have lingered.

- Log back in to XFCE as the ordinary user. Result: desktop has:
  - Filesystem root
  - File System (redundant)
  - Home (this is the user's home directory, /home/user)
  - home (this is the directory containing homes, /home)
  - cdrom0 (translucent to indicate a CD is not inserted)
  - tmp
  - var

- Re-run list-mounts.py. The output I got is in without-gvfs.json.

- Reinstall gvfs.

- Repeat the log out, kill user processes, log in cycle.
  Result: desktop has:
  - Wastebasket
  - File System
  - Home

- Re-run list-mounts.py. The output I got is in with-gvfs-again.json
  (it seems to be the same as with-gvfs.json, but in a different order).

- Also try "GIO_USE_VOLUME_MONITOR=unix python3 list-mounts.py", which
  forces the GUnixVolumeMonitor to be used (this environment variable was
  originally intended for debugging, but is also used by system services,
  unit tests, gvfs itself, etc. if they want to use GIO without using D-Bus
  or gvfs services). The output I got here is in with-gvfs-disabled.json.

Some comments from my results:

- gvfs can list drives (via udisks2). The fallback GUnixVolumeMonitor
  can't: in the freedesktop.org stack, that's udisks2's job, but GLib
  can't depend on udisks2 without it being circular.

- gvfs filters out "uninteresting" system mounts and doesn't include them
  in the lists of GMount objects. The fallback GUnixVolumeMonitor
  doesn't have that heuristic. In principle it could use things like
  g_unix_is_mount_path_system_internal(), but that feature request would
  probably be considered "won't fix" upstream, since desktops are meant
  to use gvfs anyway.

- It looks as though the fallback GUnixVolumeMonitor populates the list of
  volumes (GVolume objects, representing mountable disk-like devices)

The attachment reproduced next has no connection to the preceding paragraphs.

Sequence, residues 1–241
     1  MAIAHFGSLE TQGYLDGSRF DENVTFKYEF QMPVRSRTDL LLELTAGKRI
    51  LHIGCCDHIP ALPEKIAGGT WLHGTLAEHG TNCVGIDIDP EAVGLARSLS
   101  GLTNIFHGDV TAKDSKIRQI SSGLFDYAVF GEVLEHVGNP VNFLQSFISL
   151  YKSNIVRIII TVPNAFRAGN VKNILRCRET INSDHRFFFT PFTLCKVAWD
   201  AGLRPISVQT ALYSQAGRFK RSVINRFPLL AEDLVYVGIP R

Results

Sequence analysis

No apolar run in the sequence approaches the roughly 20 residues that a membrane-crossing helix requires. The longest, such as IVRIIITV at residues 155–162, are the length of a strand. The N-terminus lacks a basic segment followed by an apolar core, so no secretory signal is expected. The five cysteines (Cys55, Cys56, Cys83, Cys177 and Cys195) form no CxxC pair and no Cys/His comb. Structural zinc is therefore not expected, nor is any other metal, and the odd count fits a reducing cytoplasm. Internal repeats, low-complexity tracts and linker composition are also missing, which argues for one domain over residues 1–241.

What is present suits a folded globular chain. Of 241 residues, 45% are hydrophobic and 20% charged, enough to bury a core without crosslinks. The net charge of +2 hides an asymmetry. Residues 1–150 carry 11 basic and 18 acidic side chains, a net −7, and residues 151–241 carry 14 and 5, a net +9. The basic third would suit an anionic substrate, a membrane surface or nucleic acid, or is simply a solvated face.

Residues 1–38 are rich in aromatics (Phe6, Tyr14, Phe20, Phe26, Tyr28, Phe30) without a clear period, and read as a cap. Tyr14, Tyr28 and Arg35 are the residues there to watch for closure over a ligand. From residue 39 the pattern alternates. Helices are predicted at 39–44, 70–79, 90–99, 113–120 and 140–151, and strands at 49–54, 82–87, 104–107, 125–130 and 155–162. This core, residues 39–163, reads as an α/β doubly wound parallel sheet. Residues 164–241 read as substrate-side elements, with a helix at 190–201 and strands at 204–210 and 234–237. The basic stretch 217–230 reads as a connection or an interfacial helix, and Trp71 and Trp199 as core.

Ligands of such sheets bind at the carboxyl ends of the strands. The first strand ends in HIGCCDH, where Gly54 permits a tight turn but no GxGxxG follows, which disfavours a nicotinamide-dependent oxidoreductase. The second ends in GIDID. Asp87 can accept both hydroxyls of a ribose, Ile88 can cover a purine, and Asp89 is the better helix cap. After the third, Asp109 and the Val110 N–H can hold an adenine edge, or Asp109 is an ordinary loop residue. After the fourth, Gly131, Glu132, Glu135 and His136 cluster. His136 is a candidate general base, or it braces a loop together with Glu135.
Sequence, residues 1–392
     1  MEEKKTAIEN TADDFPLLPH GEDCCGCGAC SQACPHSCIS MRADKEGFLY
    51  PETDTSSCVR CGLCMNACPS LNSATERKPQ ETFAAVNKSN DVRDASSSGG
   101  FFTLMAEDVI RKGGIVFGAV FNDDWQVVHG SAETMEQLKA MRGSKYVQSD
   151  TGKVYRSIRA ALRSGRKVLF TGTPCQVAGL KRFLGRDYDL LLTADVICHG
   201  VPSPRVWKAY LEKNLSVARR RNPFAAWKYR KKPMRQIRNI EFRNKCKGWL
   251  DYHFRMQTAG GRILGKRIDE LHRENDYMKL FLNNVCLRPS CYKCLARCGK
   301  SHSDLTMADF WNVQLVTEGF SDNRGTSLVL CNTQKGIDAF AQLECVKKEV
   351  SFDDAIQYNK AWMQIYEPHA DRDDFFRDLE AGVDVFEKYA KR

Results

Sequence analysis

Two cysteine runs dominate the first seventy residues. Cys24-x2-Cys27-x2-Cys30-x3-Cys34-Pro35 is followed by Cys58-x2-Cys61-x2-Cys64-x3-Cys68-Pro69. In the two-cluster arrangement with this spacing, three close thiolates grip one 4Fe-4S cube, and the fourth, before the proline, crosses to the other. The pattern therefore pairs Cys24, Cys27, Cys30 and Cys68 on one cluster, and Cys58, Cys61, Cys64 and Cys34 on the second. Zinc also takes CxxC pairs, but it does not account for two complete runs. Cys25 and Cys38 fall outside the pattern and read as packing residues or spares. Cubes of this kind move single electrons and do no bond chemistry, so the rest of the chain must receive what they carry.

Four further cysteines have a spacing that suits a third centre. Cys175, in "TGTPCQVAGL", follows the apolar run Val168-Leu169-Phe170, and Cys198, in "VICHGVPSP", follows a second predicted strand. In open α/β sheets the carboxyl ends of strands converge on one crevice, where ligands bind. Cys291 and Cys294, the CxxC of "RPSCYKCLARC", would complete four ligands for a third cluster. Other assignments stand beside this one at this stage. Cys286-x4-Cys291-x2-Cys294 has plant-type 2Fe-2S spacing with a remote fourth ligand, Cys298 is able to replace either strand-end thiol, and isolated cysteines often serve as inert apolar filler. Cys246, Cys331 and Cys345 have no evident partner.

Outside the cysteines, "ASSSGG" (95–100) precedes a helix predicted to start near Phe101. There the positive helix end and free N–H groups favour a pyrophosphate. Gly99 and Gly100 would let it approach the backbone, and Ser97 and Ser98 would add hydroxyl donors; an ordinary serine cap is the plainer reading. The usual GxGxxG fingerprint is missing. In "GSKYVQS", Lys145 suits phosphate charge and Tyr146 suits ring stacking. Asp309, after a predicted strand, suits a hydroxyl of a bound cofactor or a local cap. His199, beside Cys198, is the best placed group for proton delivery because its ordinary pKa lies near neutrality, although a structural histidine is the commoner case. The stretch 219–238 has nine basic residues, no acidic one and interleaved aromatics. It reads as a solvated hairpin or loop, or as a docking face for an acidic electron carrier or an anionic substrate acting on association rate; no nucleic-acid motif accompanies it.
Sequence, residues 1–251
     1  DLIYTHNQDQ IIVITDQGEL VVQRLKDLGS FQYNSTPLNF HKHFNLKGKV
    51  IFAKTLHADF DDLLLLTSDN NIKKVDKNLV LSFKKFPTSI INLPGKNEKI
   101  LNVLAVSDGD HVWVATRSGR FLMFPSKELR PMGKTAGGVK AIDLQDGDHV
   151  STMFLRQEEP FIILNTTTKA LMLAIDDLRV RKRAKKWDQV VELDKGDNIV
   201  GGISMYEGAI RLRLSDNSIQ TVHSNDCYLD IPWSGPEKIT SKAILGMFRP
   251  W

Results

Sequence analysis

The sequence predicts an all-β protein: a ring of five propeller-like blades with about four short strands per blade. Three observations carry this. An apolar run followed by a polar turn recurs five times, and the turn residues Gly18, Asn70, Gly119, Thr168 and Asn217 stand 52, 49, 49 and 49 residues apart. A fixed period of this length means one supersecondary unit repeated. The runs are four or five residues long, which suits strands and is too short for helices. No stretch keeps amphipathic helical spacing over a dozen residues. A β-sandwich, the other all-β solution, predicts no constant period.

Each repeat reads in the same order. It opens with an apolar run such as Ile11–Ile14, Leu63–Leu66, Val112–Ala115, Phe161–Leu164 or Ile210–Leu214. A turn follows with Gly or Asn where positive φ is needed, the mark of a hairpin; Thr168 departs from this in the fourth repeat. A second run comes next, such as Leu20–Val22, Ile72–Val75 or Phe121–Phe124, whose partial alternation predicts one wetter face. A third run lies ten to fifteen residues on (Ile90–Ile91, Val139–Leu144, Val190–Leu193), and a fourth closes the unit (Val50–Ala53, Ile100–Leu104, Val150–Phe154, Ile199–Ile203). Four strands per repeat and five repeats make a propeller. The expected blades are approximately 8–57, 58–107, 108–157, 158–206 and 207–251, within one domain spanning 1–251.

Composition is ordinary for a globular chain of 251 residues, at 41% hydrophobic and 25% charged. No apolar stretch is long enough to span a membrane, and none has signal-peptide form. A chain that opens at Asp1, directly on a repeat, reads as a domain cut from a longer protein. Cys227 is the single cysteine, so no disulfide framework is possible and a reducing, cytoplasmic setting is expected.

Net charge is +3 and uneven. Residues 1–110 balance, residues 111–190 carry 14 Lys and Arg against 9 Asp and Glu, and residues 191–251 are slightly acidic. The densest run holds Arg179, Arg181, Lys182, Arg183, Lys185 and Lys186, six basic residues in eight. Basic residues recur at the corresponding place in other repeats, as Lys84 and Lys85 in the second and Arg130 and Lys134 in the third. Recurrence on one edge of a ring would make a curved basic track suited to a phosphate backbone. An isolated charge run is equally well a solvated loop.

from a lower-level API that is basically /etc/fstab, and again doesn't
  have many heuristics to filter out "uninteresting" entries.

- It looks as though whichever XFCE component draws the desktop (possibly
  thunar but I don't know XFCE well) always adds an icon for File System,
  which seems reasonable to do. It would perhaps be a reasonable wishlist
  bug against that component to say that it should ignore a GMount with
  root "/" (if any), which is always redundant with File System. However,
  the maintainer of that XFCE component might reasonably say that using
  it without gvfs isn't intended to be supported.

- The unix_mounts and unix_mount_points lists in the list-mounts.py
  output are a lower-level, Unix-specific GLib API layer. Looking at
  their source code, it doesn't seem to be used directly by either
  nautilus or thunar (but gvfs does use it behind the scenes, so if you
  or any other bug reporters are having trouble with gvfs showing devices
  that it shouldn't, this information will be useful).

If this doesn't match your experience, please could you try running
list-mounts.py on an affected system and see what it says? This should
hopefully help to pin down which layer the problem is in.

I've only tested list-mounts.py on buster. It should mostly still work
with older GLib releases, but you might have to comment out calls to
any methods that don't exist in the older release.